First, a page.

This review was written by Karen Dietz for her curated content on business storytelling at www.scoop.it/t/just-story-it ;


Via Karen Dietz
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Meri Walker's comment, September 20, 2012 10:15 AM
Well, Karen! You made my day offering this terrific new Scoop. I'm enriched by the way you think, Karen. Especially about story... I guess we get really "bent" in a certain way by anthropological training and it's still pretty rare to find others who are looking through the kinds of filters you and I have installed in Mind. De-light-ful learning with and from you!
Jane Dunnewold's comment, April 8, 2013 1:42 PM
I'm behind the curve on this one, being new to scoop it - but as a teacher/artist I have to agree with your observation that delving into other archetypes would present rich opportunities to "language" storytelling in lots of environments. I use archetypes to get at the fears and struggles artists face in my workshops - and they aren't all about the hero's path! The Damsel in Distress is one that comes to mind...
Karen Dietz's comment, April 8, 2013 1:56 PM
I agree Jane. Archetypes can be so helpful in many ways. One of the ones I love for artists is the Trickster archetype, and the Magician. LOL on the 'damsel in distress'! Time to go put my 'big girl' panties on and deal with the next challenge :)
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Just Story It - Scoops

Just Story It - Scoops | iEduc | Scoop.it

Here are the best articles from across the web that I can find on using stories and storytelling in business.

I've chosen them because they actually make a contribution to our knowledge and wisdom about stories, show us how to apply stories to growing our businesses, or give valuable how-to tips.

 

I weed out all the junk. And besides, who needs another post in why storytelling is important?? Where's the beef?? We want the meat!

 

I've written reviews of each article to share what I like best, what you can get from reading the article, or what may be missing in the article.

 

How To Find A Topic: Click on the Filter tab above, and type in a keyword. All the articles with that keyword will appear.

 

I may occassionally review an article that I think is problematic as a way to educate us all, although most I will simply pass over.  If you wonder if I've seen an article that is not included here, send me a message and I'll respond.

After doing biz story work for over a decade (and with a PhD in Folklore) I hope you find many great insights and tips here. Many thanks for visiting and enjoy the articles!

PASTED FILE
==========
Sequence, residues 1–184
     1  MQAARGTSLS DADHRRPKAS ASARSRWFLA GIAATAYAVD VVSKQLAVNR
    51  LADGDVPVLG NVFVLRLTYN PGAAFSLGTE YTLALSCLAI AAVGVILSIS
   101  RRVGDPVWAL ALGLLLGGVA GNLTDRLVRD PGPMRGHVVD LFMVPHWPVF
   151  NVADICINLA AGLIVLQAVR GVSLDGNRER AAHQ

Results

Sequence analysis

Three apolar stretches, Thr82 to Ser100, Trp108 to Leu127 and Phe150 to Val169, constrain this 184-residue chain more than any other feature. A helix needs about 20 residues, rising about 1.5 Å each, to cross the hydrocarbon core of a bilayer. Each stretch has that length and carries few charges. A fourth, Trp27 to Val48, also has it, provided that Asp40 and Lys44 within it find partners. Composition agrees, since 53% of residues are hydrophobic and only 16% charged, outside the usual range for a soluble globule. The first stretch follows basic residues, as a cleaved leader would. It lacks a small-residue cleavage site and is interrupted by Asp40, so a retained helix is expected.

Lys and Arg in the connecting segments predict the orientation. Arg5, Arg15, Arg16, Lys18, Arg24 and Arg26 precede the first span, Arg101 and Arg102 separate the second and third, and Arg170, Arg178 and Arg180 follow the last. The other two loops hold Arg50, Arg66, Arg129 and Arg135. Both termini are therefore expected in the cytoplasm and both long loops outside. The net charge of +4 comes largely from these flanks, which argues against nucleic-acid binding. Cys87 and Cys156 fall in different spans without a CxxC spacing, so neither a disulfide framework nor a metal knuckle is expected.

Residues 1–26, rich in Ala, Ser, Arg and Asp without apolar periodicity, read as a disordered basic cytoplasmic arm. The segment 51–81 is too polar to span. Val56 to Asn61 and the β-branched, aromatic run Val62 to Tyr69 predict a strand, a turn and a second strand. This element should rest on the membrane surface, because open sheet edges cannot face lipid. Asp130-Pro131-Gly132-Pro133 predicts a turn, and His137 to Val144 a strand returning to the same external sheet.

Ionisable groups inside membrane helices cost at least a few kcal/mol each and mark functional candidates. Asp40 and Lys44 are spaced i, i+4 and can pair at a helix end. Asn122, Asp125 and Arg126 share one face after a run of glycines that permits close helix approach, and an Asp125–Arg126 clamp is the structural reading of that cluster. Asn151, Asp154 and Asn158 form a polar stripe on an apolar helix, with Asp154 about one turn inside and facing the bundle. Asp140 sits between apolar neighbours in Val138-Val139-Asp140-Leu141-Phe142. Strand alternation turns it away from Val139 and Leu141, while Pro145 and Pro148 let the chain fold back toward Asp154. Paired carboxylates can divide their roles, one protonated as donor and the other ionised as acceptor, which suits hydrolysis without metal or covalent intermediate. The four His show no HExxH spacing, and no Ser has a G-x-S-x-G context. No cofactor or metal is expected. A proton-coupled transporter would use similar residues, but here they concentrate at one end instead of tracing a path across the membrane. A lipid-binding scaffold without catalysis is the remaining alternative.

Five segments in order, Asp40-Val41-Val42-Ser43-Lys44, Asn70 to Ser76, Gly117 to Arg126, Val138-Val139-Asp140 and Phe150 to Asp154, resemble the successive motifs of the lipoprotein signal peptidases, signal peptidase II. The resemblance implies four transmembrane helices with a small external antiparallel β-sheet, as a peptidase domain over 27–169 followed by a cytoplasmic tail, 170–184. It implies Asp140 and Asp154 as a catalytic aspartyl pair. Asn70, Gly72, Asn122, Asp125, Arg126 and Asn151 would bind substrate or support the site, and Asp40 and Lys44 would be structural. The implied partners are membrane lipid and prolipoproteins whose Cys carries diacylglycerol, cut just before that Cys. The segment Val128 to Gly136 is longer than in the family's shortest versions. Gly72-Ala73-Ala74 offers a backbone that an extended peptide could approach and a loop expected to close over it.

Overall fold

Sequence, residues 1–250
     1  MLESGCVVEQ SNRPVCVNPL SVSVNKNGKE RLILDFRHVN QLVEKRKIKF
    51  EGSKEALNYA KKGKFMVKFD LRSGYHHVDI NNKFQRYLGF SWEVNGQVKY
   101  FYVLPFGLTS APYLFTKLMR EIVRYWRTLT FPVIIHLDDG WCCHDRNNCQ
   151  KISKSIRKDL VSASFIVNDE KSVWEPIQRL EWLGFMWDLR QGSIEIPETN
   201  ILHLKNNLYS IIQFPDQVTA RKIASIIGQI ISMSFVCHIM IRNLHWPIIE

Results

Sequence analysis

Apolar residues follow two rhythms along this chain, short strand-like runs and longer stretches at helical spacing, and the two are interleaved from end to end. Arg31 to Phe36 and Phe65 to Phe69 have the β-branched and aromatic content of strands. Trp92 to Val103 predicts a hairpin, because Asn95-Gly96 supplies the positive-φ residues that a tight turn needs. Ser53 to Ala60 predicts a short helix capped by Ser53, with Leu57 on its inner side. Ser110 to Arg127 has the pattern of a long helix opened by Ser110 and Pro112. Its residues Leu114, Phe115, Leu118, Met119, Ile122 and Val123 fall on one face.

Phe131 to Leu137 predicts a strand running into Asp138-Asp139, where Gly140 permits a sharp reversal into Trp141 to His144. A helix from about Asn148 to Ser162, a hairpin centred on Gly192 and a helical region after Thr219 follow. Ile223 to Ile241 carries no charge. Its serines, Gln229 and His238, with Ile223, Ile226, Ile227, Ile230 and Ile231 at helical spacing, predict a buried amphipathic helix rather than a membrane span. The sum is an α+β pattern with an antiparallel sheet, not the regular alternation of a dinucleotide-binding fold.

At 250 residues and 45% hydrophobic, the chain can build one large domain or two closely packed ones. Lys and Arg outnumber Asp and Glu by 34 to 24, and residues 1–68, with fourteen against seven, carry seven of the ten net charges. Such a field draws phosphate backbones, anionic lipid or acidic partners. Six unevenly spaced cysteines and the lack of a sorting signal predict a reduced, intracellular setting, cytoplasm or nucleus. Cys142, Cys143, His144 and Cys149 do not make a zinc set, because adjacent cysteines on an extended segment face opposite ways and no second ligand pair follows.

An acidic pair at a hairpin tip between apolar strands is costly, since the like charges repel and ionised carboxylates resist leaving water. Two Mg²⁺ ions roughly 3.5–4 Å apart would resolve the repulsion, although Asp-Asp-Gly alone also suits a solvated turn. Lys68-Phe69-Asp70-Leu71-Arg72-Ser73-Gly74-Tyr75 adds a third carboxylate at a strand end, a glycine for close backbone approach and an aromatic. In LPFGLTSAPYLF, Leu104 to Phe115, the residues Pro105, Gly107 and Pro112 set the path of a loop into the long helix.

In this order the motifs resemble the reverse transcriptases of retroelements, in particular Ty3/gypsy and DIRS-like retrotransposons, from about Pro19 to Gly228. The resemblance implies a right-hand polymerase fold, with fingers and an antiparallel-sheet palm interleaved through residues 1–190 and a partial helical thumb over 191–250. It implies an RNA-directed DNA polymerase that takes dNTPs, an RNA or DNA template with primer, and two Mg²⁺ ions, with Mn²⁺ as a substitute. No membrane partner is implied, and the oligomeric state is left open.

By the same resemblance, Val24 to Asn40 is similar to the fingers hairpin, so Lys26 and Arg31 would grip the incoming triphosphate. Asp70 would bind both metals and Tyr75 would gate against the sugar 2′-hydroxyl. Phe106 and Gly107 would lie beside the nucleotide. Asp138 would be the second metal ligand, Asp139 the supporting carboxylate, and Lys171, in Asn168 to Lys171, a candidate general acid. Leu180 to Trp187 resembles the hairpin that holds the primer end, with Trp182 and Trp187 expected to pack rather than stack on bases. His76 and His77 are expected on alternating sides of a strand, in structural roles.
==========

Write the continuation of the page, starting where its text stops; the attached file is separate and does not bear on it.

And I hope you will also visit my website for more tips and tools, & take the free Story IQ assessment so you can see how well developed your storytelling skills and knowledge is: http://www.juststoryit.com/storyiq  ;


Via Karen Dietz
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ManufacturingStories's curator insight, September 7, 2013 5:15 AM

Karen is dedicated to the art of Storytelling as a key tool in running a business or any other type of endeavor.  Here at ManufacturingStories.com we fully support this art form as the best way to generate positive and effective change.  Thanks Karen for all of your dedicated and tireless work! It's a tood Story!!

Thorsten Strauss's comment, September 9, 2013 5:15 AM
Hello Karen. "Here are the best articles from across the web that I can find on using stories and storytelling in business." Please scoop a new link to these articles. The link you put in the comments only points at your scoop page. Or was the message that your scoop page IS the collection of the great articles? A bit unclear. (PS: I suggested a scoop for you today)
Karen Dietz's comment, September 11, 2013 5:52 PM
Hi Thorsten -- the link needs fixing and I'm trying to do get that done. Thanks for your patience. The link should actually be to the entire curation. This post is a permanent post that acts as a kind of editorial page. The idea is when people want to direct others to the entire collection, they can scoop/re-scoop this page which should lead people to the site. Thanks for the comment and I'll work on clearing up any confusion! And many thanks for the suggestion, which I thought was fabulous.